Wild caught fish, especially marine fish, may contain high levels of persistent organic pollutants (POPs). In the Netherlands, especially eel from the main rivers have high POP levels. This led to a ban on eel fishing in 2011 due to health concerns. We showed that men consuming eel from the high-polluted areas indeed have elevated levels of dioxins and dioxin-like compounds, polychlorinated biphenyls (PCBs), and perfluorinated compounds.
Epigenetic phenomena, such as DNA methylation, have been proposed as a possible molecular mechanism underlying adverse health effects. We detected aberrant DNA methylation in differentiating adipocytes upon POP-exposure in vitro. In male eel consumers with elevated POP levels we identified differentially methylated regions in genes involved in carcinogenesis or the immune system.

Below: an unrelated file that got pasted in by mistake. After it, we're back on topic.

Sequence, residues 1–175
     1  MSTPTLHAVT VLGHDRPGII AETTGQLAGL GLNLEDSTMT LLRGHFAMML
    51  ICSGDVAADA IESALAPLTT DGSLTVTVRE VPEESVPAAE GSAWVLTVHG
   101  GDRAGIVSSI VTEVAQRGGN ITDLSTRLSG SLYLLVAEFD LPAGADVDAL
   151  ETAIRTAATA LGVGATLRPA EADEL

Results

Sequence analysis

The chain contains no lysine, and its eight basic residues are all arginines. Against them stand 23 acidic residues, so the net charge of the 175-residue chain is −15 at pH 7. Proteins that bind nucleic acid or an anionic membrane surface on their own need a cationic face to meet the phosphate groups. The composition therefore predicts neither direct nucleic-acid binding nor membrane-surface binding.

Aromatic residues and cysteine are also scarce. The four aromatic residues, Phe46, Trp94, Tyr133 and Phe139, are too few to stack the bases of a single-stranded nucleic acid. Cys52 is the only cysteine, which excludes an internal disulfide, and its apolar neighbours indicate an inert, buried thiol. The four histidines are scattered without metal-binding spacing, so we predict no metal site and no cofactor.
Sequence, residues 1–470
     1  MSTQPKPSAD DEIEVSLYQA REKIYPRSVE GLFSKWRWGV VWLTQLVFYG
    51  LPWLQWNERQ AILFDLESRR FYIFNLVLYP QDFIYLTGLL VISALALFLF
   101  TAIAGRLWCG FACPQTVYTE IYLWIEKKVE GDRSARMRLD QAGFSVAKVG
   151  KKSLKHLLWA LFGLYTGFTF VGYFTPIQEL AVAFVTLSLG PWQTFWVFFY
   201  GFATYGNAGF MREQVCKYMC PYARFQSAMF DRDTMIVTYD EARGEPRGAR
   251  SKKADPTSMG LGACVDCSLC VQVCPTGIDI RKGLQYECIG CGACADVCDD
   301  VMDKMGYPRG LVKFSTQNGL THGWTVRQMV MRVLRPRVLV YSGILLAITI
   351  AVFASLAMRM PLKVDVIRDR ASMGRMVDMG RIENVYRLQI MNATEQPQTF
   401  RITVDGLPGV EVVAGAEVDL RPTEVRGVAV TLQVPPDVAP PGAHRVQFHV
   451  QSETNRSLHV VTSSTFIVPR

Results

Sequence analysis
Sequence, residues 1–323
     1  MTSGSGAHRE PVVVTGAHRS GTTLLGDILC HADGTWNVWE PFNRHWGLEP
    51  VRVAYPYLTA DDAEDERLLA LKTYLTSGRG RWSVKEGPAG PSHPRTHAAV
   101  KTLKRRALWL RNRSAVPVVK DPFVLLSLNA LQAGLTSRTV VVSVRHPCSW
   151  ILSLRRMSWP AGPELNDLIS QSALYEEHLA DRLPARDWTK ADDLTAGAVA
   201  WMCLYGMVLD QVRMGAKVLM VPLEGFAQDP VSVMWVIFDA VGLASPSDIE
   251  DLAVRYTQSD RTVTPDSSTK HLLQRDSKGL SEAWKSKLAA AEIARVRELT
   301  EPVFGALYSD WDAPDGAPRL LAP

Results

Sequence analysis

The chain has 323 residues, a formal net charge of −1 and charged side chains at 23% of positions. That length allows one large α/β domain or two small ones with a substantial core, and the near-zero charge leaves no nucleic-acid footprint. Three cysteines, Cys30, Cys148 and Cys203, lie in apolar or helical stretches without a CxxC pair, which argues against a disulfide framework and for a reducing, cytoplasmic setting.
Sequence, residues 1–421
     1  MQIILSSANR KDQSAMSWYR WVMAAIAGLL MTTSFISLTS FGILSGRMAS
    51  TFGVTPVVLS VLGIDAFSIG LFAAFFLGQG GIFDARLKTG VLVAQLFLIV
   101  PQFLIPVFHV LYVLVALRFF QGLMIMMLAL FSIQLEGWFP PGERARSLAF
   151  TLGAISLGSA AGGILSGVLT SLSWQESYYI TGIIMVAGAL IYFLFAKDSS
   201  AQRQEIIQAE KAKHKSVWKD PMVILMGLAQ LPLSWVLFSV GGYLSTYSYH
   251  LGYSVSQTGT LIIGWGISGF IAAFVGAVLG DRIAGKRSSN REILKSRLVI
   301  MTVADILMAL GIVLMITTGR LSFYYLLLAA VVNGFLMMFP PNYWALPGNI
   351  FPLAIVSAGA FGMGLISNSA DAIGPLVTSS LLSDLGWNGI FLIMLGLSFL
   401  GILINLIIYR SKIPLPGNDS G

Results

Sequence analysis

We conclude that the consumption of eel from high-polluted areas leads to accumulation of POPs above safe levels and that these POP levels are associated with gene-specific DNA methylation.